Hitlers Rise To Power Essay
Who or what was responsible for Hitler's rise to power? Many believe that there was only one factor for his rise to power. Some state that Hitler could not have risen to power in any other than Germany, implying that he was nothing more than a product of German culture. Others say that Hitler made himself dictator by means of his political genius. And yet still others claim that it was the weak democratic government of the Weimar Republic or Germany's social and economic scene in the 1930's that made the people restless and ready for a dictator to come to power. There was no sole cause for Hitler's rise to power. There were two. The political and economic chaos of the 1920's and the 1930's joined forces with German culture that enabled Hitler to rise to power. Both play an equal part. Together, both reasons fit together like pieces of a puzzle, to create a unique situation for Hitler's rise.
Hitler was in part a product of German culture. German culture stands out as particularly aggressive and racist. The values and ideas found in this culture's history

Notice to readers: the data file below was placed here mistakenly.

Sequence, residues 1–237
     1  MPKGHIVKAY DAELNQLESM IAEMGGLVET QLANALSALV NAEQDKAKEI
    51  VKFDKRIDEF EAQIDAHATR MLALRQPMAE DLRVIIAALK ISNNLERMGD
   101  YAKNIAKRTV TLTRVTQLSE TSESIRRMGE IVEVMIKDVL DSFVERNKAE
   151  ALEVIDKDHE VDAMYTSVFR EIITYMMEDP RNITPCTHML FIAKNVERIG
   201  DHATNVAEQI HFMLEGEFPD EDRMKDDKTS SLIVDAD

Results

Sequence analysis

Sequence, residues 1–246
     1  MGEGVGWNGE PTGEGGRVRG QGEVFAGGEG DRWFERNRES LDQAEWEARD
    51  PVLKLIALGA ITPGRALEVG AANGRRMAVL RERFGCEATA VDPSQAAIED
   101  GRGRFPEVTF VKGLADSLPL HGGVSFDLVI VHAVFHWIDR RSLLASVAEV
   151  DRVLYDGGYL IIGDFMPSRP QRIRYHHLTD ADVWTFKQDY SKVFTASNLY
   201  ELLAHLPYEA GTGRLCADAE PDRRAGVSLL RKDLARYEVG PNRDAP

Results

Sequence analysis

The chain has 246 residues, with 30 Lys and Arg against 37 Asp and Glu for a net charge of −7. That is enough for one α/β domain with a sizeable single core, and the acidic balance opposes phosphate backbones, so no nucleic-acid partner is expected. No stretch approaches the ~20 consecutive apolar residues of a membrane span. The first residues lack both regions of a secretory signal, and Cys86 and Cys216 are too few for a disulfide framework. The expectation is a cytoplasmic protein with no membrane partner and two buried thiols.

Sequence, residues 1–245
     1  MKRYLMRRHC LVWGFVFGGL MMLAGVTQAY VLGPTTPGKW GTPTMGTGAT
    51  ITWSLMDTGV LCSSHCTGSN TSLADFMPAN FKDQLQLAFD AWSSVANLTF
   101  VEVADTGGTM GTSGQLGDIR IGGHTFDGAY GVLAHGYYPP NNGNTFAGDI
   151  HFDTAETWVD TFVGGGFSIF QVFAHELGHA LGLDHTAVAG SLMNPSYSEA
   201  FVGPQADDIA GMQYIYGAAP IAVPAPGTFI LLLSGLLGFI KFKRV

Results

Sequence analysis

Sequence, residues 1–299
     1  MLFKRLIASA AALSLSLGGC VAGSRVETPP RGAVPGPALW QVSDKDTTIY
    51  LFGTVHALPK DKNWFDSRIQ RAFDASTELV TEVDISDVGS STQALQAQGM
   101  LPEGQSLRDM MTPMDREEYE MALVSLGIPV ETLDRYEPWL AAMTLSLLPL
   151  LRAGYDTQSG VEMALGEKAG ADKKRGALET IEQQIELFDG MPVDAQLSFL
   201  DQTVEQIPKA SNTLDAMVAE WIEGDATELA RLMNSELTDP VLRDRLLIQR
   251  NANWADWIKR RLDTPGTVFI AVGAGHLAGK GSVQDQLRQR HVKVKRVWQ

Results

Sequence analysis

inspired Hitler to do many things that he did and can explain in part why he felt the way he did on certain issues (Stern).
Hundreds of years before Hitler emerged, German philosophers and artist preached an almost religious worship of the state. They discussed the idea of the master race, and created a mythology of German heroism that encouraged loyalty to the group and glorified death for the country. Hitler and many Germans like him, was an enthusiastic student of Georg Wilhelm Friedrich Hegel who argued that the State "has the supreme right against the individual, whose supreme duty is to be a member of the State." Hegel foresaw in the early 1800's that "Germany's hour" would come and that the country's mission would be to redevelop the world. A German hero would complete this mission (Landry).